Marshall Rothstein casts an eye to Supreme Court docket, including standard of review — Legal Feeds

The Honourable Marshall Rothstein C.C., Q.C.

Oct 25, 2018

The Honourable Marshall Rothstein, C.C., Q.C., a partner in Osler’s Tax Group, tells Legal Feeds in a wide-ranging interview that he thinks “our approach to standard of review has not been right for many years.” Marshall was featured in an article by Elizabeth Raymer in which he offered his insights on the Supreme Court of Canada’s (SCC) docket and the selection process for Supreme Court justices. Marshall, a former Supreme Court justice from 2006 until his retirement in 2015, discussed a 2009 Supreme Court decision in Canada (Citizenship and Immigration) v. Khosa, which, according to Legal Feeds was its “first significant guidance post-Dunsmuir regarding the implementation of the standard of review analysis.” According to the article, although Marshall concurred in the result, which allowed the appeal, he found that “the standard of review was statutorily directed by the Federal Courts Act and that the statutory direction displaced any role that Dunsmuir may have otherwise played in determining the standard of review.” Marshall explains further.

“I think that our approach to standard of review has not been right for many years,” Marshall tells Legal Feeds. “What I believe is that where a statute provides for a right of appeal of judicial review, then the standard of review on legal questions should be correctnessIn all cases, where the questions are factual or discretionary, then of course the court should give deference to the tribunal making the decision.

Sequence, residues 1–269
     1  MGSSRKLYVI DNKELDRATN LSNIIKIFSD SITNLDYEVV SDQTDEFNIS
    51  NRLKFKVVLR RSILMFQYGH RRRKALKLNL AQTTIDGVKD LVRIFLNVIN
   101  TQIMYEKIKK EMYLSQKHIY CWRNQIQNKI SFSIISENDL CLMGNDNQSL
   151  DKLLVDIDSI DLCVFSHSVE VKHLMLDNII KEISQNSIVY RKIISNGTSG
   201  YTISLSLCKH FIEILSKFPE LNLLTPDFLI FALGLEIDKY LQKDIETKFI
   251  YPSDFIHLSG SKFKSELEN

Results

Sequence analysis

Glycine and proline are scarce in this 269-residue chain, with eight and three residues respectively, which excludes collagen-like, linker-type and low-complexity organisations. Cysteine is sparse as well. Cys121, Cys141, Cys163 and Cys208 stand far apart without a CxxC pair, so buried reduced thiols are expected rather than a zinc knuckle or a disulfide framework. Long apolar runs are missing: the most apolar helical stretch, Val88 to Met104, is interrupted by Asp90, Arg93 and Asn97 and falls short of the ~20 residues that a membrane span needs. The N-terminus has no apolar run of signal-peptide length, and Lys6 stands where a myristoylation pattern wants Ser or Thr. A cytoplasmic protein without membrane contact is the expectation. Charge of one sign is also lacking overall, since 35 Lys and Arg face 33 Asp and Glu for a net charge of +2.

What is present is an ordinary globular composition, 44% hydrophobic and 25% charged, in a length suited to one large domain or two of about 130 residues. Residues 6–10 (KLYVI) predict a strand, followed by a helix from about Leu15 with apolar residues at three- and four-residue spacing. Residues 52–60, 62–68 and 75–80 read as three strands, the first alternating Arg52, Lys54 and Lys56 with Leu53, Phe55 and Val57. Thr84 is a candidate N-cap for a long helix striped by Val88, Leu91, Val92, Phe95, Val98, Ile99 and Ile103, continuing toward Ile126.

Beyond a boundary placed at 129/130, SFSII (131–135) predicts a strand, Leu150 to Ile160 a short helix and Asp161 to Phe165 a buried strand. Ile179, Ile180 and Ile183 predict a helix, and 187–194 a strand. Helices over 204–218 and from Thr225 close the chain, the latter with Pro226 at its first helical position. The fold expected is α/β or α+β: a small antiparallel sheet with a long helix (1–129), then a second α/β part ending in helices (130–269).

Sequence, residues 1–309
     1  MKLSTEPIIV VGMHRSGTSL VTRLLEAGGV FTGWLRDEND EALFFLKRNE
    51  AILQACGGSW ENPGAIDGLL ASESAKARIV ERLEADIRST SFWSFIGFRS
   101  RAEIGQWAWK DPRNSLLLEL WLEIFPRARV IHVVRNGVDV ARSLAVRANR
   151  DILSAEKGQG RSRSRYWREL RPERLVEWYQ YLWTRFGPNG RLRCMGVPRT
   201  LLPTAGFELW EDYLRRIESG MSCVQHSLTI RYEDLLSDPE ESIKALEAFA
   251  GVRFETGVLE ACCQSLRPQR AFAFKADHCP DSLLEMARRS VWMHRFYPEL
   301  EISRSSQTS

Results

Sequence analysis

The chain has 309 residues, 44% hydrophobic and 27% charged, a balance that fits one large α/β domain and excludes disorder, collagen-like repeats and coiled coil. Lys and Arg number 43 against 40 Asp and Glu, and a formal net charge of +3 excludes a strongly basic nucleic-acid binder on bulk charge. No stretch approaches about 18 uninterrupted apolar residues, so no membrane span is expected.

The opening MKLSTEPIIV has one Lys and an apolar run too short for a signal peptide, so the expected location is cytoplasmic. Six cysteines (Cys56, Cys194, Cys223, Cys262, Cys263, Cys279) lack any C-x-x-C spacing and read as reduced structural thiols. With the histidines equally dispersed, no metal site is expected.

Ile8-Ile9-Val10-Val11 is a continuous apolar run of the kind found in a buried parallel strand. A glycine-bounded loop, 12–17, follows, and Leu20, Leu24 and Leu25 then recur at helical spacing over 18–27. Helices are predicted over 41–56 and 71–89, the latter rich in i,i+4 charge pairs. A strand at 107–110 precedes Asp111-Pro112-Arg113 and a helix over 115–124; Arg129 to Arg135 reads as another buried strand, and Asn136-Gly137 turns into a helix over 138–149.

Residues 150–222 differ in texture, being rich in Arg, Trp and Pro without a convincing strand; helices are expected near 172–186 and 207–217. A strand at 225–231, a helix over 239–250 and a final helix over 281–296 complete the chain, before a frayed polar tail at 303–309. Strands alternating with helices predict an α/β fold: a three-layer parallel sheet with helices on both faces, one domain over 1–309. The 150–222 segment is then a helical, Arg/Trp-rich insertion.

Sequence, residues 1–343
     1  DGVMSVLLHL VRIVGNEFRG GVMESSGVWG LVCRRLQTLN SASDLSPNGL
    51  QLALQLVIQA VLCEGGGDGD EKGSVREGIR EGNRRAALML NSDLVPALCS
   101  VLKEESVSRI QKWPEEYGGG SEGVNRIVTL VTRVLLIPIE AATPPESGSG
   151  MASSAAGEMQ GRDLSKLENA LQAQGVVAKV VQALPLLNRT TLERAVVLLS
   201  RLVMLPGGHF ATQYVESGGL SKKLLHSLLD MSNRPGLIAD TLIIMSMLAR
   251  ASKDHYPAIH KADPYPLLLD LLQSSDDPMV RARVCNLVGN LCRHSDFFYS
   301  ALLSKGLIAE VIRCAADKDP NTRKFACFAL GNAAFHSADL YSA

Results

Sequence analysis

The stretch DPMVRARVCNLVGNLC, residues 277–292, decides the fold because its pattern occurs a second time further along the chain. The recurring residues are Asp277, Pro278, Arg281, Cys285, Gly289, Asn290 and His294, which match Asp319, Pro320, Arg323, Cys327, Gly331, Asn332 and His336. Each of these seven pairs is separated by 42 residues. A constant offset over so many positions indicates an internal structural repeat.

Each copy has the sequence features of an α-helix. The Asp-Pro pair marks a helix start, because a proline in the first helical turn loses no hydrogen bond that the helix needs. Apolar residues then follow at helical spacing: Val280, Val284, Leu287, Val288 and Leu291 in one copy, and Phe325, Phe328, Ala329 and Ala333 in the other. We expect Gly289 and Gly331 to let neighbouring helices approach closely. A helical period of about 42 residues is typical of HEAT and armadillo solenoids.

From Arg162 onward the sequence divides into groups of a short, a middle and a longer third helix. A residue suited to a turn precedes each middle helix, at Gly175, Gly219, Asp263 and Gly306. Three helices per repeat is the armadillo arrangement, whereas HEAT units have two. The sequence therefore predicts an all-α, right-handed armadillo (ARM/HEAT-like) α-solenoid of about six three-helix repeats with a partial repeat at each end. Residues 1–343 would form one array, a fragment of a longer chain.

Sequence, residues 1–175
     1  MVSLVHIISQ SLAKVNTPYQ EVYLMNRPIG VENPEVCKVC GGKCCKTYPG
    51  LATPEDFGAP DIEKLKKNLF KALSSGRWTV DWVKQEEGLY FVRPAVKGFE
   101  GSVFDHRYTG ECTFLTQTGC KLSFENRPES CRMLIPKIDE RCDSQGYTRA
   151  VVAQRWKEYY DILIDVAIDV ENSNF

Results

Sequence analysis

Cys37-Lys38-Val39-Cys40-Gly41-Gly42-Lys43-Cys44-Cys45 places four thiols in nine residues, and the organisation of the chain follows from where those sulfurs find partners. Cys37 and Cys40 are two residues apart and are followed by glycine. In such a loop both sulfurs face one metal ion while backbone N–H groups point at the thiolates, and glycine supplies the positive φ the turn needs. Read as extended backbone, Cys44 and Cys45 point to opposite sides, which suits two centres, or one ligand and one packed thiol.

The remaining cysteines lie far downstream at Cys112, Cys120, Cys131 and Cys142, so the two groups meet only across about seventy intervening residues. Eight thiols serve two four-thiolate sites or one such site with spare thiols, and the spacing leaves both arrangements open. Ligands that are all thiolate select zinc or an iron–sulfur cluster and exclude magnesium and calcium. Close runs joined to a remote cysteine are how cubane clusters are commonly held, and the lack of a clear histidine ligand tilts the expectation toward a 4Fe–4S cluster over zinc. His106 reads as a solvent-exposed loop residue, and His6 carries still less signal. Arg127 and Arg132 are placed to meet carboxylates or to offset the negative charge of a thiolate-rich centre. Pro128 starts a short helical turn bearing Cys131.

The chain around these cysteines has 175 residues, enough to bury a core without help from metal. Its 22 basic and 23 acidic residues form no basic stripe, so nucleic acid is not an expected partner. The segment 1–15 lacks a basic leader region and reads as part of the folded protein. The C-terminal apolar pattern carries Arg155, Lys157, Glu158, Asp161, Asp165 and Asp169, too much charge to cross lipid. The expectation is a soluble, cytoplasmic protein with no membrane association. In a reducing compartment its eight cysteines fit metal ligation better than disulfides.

“Where a statute contains a privative clause, then the court should give deference to the tribunal, because the legislature, through the private clause, has told the court to be restrained in reviewing legal questions.” Marshall also tells Legal Feeds that it’s the court’s responsibility to ensure that tribunals don’t stray from their mandate. “So, even where there’s a privative clause, courts need to have some oversight.

“There are many tribunals whose members aren’t even lawyers,” he adds. “To suggest that there should be deference to tribunals on legal standards . . . strikes a wrong note.”

Marshall also discusses a range of other topics including how he was the first Supreme Court candidate to go through the parliamentary hearing process, and how in Canada, there has “never been a political aspect to the appointment.”

For more information read Elizabeth Raymer’s feature article “Marshall Rothstein casts an eye to Supreme Court docket, including standard of review” in Legal Feeds, the blog of Canadian Lawyer and Law Times.